Women at the foot of the cross

I recall reading in a biography of Cecily Saunders, the founder of the modern hospice and palliative care movement, that she had been struck by how many women were pioneering and influential in the care of the dying throughout the centuries.

This is something that I contemplate whenever I look at religious art depicting the women at the scene of the Crucifixion.

In his letter on the dignity and vocation of women, John Paul II wrote:

Indeed, the Gospels not only describe what that woman did at Bethany in the house of Simon the Leper; they also highlight the fact that women were in the forefront at the foot of the Cross, at the decisive moment in Jesus of Nazareth’s whole messianic mission. John was the only Apostle who remained faithful, but there were many faithful women. Not only the Mother of Christ and “his mother’s sister, Mary the wife of Clopas and Mary Magdalene” (Jn 19:25) were present, but “there were also many women there, looking on from afar, who had followed Jesus from Galilee, ministering to him” (Mt 27: 55). As we see, in this most arduous test of faith and fidelity the women proved stronger than the Apostles. In this moment of danger, those who love much succeed in overcoming their fear. Before this there were the women on the Via Dolorosa, “who bewailed and lamented him” (Lk 23:27). Earlier still, there was Pilate’s wife, who had warned her husband: “Have nothing to do with that righteous man, for I have suffered much over him today in a dream” (Mt 27:19).

It is interesting to consider the impact that art can have on the imagination and also on forming a person’s sensitivity to his or her role to play within a society.

Vocation Grasped in Retrospect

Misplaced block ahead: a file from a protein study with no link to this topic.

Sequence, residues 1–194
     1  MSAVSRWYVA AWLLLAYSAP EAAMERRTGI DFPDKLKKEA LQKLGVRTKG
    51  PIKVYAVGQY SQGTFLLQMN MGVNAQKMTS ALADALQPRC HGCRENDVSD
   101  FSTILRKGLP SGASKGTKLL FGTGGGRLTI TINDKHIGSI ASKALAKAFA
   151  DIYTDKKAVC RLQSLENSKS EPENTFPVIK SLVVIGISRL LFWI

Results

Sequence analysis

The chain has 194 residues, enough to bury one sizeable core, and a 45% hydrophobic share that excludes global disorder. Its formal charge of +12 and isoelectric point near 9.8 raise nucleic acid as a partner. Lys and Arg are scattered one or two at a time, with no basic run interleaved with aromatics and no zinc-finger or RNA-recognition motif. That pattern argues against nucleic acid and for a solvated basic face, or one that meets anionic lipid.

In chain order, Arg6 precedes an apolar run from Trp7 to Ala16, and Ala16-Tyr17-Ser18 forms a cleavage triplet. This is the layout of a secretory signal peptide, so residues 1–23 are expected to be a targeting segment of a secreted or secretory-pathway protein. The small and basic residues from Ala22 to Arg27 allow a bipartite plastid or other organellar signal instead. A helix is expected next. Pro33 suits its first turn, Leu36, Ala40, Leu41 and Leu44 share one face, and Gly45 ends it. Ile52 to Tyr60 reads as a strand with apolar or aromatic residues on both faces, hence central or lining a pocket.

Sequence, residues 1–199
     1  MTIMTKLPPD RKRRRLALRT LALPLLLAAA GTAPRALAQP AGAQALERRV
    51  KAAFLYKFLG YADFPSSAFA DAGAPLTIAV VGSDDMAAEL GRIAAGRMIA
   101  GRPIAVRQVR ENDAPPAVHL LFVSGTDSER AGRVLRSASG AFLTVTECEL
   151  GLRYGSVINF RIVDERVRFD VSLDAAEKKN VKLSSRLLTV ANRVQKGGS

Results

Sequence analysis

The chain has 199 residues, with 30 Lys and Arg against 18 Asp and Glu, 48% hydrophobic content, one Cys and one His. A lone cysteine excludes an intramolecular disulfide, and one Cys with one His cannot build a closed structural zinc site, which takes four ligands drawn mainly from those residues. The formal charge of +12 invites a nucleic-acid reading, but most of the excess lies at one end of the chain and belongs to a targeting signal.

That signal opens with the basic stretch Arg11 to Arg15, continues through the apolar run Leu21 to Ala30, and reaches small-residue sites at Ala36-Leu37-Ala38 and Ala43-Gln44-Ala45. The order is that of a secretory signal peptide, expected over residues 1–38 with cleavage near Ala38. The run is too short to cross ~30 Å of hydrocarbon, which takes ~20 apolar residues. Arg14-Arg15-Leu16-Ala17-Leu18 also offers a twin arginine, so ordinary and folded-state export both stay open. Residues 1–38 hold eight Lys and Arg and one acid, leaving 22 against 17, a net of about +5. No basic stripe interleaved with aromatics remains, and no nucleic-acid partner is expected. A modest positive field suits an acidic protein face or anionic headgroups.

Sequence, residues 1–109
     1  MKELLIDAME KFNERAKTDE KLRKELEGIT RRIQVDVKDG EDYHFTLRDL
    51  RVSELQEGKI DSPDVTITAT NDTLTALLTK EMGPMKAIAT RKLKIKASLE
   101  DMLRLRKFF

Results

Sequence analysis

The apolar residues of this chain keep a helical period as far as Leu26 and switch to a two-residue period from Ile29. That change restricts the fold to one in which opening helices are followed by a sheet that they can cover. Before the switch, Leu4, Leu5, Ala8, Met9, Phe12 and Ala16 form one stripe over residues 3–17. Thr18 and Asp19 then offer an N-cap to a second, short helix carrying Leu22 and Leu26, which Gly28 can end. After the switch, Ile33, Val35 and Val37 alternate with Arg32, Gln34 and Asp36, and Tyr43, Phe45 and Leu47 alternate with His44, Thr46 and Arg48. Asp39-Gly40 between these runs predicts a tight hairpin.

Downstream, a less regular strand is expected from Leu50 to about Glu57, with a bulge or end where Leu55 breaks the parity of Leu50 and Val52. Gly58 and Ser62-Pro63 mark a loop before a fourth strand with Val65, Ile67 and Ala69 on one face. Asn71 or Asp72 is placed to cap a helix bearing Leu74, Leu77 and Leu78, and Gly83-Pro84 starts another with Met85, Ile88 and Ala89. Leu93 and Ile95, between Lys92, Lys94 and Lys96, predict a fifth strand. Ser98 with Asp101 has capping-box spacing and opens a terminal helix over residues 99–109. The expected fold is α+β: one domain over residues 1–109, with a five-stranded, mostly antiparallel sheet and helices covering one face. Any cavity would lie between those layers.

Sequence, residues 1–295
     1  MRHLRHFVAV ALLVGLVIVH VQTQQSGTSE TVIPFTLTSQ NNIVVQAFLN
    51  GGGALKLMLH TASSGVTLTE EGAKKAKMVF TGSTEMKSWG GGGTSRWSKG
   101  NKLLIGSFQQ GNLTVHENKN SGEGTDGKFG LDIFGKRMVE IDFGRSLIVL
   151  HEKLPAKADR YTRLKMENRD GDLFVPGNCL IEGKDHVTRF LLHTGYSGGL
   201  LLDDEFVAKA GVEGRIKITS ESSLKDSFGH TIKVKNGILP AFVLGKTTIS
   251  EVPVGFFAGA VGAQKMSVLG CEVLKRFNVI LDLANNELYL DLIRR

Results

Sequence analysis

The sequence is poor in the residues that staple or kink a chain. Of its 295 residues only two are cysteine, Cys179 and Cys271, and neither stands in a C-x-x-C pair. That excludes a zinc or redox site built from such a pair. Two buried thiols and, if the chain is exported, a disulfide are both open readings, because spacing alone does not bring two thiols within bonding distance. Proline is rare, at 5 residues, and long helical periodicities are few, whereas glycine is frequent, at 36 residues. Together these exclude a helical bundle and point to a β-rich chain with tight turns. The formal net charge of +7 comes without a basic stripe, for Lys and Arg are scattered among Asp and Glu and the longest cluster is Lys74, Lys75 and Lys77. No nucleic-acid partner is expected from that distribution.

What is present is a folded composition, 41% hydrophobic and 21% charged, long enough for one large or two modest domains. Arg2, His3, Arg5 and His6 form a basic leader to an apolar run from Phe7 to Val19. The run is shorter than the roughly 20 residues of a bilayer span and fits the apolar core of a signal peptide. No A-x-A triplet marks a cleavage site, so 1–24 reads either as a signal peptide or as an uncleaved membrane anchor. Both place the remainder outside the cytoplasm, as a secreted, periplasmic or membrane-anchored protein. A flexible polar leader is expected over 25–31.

Today is the feast day of St. Edith Stein, a Jewish-Catholic saint and martyr born one century before me and to whom I have special devotion and affection.

In fact, I even spent one month a few years ago living in her former childhood home in Wroclaw, Poland (formerly Breslau, Germany).

Edith Stein was a German Jewish philosopher who became a Catholic nun and patron saint of Europe. Martyred in the Holocaust, she has been on my mind as I reflect on the meaning of vocation.

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A Graduation Speech About Deathbed Reflections

This is a really short post to direct you to this excellent commencement address delivered by Ryan T. Anderson.

He titled it, “‘He Knows What He Is About’: Living a Life That Matters”, which is derived from one of the most splendid quotations of John Henry Newman that Dr. Anderson quotes at the outset and on which my friends and I have been reflecting a lot in recent days.

Particularly of relevance to the theme of this blog, I was struck by how Dr. Anderson exhorted the high schoolers on multiple occasions throughout the address to contemplate the thoughts they might have on their deathbeds as a key to discerning how to live a life that matters.

Below are three short excerpts:

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“All My Friends Are Dead.”